Ed. note- As with all entries in Opening the Vaults, I reviewed this for my last gig. When I reread that piece recently, I noticed it wasn’t so much a review as a dissertation on many ideas in both the movie and Wells’ novel. And it gave away a lot of the plot. I wrote this new review from scratch, and it’s much better for it.- P.F.
When I was a kid, Don Taylor’s THE ISLAND OF DR. MOREAU is one of the films that cemented me as a horror fan. In the early 80s, it would show up on late night television practically every weekend (or so it seems), and long after midnight I’d watch Michael York try to survive an entire island of manimals, and an insane Dr. Moreau. The jungle island was a terrifying world of wonder, home to wild experiments, wilder man-beasts, and the Law. I’d be lying if I told you it was particularly scary when I watched it recently. But I’d also be lying if I told you it doesn’t still have its merits.
The movie begins with a raft lost at sea. Parched and exhausted, Englishman Andrew Braddock washes ashore a jungle island. After a tense trip through the foliage, he finds himself in the presence of Dr. Moreau, an exiled scientist whose experiments in vivisection landed him on this island. Along with the doctor are rough-edged Montgomery, and the beautiful Maria. Moreau tells Braddock not to go off the compound at night, as there are dangers out there in the shadows. Braddock eventually wanders off and finds a society of man-beasts, creations of Moreau’s that follow The Law, or return to the “House of Pain,” Moreau’s laboratory, a place they greatly fear.
Taylor’s film does a solid job with H.G. Wells’ source material. The novel’s broader stroke involves Moreau as God by way of surgeon, an intellectual examination of the mad scientist. Moreau is tinkering not just with creation of life, but the sociopolitical ramifications that come from it. The manimals, led by the Sayer of the Law, are his avowed worshippers, childlike creatures who quake at the idea of returning to Moreau’s lab. Dropped into the middle of all this, Braddock wants to flee back to the sanctity of Great Britain, where cooler, potentially saner heads prevail. Taylor and his screenwriters get all this right. Scenes in the manimals’ cave focus on what a warped version of the concept of “society” that Moreau runs. Taylor uses plenty of POV shots through the jungle, keeping the viewer off guard; it’s especially effective earlier in the film, before he reveals Moreau’s creatures, when as a kid I had no idea what was out there. His camera makes full use of how beautiful the island is, which all the more contrasts exactly how horrifying and warped Moreau’s creations and philosophies are.
Taylor also gets some mileage out of decent actors. York plays Braddock as confused, a man without all the information and more disturbed as he collects more pieces to the puzzle. A restrained Burt Lancaster plays Moreau with an authority in his eye, and a whip in his hand, but peels back the lunacy perhaps a bit too much. Charles Laughton and Marlon Brando went way too far in the other direction, but Lancaster is a bit too staid. He plays Moreau as a man who teeters just on the edge of insanity, instead of being way over it. He may have been better suited playing the role as he did the lead in ELMER GANTRY.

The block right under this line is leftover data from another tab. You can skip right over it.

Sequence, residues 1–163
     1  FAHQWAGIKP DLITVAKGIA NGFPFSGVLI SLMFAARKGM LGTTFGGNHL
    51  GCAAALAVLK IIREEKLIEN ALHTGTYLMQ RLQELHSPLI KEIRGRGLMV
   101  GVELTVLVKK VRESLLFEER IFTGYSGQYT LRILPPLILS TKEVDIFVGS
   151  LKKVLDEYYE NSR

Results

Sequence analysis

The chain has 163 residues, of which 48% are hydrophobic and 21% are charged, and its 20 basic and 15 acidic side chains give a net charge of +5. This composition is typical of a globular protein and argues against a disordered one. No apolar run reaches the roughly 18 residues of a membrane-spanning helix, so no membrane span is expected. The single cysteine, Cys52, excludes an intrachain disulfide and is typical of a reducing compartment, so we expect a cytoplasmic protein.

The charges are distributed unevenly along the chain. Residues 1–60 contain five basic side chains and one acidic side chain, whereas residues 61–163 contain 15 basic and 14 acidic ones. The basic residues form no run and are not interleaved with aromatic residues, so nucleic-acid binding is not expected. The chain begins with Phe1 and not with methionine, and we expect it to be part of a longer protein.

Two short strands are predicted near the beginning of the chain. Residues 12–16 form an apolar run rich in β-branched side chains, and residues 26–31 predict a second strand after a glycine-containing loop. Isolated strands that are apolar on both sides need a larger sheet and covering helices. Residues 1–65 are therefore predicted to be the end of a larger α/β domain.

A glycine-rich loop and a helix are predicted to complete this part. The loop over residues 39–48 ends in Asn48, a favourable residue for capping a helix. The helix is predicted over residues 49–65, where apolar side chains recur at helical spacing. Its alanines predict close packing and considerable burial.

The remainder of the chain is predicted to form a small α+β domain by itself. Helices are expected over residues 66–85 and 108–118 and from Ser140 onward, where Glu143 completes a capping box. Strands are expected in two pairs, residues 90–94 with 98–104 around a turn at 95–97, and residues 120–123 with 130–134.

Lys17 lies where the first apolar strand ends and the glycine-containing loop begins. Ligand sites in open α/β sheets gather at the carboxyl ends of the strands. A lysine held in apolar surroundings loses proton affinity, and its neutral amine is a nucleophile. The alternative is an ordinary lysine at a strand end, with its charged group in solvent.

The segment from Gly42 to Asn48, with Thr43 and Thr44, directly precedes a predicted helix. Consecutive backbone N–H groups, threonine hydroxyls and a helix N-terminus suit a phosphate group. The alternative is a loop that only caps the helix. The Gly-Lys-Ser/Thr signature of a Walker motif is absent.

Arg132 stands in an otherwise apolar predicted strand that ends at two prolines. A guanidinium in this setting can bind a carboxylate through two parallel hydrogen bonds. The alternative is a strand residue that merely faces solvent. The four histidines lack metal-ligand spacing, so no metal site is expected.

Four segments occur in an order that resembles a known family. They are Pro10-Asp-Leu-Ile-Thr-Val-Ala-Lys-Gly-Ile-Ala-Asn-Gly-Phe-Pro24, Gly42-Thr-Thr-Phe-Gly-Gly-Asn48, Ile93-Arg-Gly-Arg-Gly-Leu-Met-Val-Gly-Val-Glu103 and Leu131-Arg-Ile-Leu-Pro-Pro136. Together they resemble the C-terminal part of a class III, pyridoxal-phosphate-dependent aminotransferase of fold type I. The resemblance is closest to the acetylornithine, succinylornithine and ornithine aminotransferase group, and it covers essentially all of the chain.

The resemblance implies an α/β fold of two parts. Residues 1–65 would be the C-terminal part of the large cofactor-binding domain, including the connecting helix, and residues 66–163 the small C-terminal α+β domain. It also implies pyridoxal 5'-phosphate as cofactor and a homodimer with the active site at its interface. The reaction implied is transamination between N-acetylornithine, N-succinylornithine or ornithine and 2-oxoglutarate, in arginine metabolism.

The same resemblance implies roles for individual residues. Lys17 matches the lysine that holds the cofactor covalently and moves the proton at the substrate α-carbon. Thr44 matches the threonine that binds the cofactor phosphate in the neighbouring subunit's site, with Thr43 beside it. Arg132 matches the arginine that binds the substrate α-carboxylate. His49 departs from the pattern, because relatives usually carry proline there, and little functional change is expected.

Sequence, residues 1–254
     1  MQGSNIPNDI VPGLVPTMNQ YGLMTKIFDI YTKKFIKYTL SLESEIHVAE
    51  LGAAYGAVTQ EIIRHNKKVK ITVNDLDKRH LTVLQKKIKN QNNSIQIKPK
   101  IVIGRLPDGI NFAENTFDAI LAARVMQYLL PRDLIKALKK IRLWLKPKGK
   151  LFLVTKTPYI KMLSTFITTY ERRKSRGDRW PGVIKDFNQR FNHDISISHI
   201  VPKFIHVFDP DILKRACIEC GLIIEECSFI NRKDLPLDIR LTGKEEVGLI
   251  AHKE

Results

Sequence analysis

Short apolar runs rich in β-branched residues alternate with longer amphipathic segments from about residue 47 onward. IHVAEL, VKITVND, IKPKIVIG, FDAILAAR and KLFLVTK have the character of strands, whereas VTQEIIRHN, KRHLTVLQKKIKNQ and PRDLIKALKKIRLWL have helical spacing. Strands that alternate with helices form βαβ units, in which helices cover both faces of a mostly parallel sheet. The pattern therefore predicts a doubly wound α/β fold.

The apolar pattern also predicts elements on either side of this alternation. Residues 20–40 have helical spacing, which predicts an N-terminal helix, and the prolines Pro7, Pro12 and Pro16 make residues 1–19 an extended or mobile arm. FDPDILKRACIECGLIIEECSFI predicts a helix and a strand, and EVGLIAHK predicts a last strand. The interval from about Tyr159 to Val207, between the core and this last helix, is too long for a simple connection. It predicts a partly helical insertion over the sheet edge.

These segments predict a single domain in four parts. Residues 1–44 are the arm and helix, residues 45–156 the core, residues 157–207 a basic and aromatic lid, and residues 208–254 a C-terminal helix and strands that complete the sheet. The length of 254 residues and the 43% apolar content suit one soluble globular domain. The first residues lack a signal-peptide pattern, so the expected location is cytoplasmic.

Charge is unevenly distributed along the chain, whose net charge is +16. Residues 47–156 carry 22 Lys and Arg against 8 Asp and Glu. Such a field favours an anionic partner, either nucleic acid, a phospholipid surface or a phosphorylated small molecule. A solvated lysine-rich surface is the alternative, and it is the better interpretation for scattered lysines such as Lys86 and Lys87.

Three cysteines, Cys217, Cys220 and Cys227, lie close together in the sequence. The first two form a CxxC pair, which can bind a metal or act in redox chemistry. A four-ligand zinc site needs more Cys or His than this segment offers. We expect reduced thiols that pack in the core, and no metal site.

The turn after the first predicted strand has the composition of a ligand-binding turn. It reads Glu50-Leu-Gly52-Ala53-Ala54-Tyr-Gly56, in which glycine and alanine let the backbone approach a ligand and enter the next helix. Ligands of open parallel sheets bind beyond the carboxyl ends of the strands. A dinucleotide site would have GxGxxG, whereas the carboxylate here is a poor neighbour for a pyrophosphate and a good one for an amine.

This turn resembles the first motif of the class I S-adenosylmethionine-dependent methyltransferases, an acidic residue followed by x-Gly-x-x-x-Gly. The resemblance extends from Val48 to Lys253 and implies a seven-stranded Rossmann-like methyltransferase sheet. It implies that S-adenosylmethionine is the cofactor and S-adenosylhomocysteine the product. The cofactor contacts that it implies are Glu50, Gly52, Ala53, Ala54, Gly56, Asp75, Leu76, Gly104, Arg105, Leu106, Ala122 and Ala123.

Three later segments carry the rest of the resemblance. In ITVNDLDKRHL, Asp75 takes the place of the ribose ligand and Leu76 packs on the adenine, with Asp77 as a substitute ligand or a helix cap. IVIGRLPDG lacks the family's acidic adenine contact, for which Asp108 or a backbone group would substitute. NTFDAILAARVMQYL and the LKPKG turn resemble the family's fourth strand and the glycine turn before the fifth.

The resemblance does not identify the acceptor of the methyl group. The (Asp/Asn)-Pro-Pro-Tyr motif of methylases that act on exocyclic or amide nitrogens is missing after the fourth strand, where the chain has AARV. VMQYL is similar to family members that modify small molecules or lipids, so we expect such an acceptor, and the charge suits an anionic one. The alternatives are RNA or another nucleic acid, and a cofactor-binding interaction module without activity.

X Marks the Oscar: John Chambers, who designed the manimals, won an honorary Oscar for his ape designs on 1968’s PLANET OF THE APES. Burt Lancaster won Best Actor for playing Elmer Gantry, and was nominated 3 other times. Pretty impressive credentials for a B-movie creature feature.
Cast between the two is Barbara Carrera’s Maria, a character wholly absent from the novel (and a holdover from the Laughton film, which carries over to the Brando version. Interesting that all three films decided the plot wouldn’t sell without a love interests). Carrera was a gorgeous woman, so much so that she did a Playboy spread naked with guys dressed up as manimals. She’s very sexy in this flick, and given that Braddock is stuck on an island with dudes and man-beasts, it’s only natural they develop a romance. As for her acting, like the rest she’s game and doesn’t embarrass herself. As the Sayer of the Law, vet character actor Richard Basehart brings a little more enlightenment and authority that separates him from the other manimals, as if he’s the brightest of the dumb dogs among the pack.
The manimals are the one thing that weigh down the flick. They were state-of-the-art and even more importantly, scary when I was 11, especially when it came on Channel 7 at 2 a.m. But given how far makeup effects have come, they look silly now. Taylor does a lot of quick cuts and uses misdirection well, especially in the last few minutes, but once the camera settles in on them… they’re kind of cuddly looking. If THE OMEN is exemplary of a film that still scares me every time I watch, THE ISLAND OF DR. MOREAU works quite the opposite. Watching now, I have to put myself actively back in the frame of mind of Little Phillie for the flick to work. I can do the trick, but for a newcomer, this flick wouldn’t be scary at all. If I showed it to my 11-year-old nephew, I guarantee he wouldn’t be hiding behind a pillow. Even if it were 2 a.m.
If I’m not scared by it, at the least I’m still entertained by THE ISLAND OF DR. MOREAU. It’s a solid B-movie creature feature that brings me back to a time when staying up to watch a horror movie at 2 a.m. was new to me. It also introduced me to H.G. Wells, and although his novel is flawed, it’s still my favorite of his works. Most importantly, it’s one of those flicks that turned me into a horror fan. For that, and the fact that I walk on two legs, I am eternally grateful.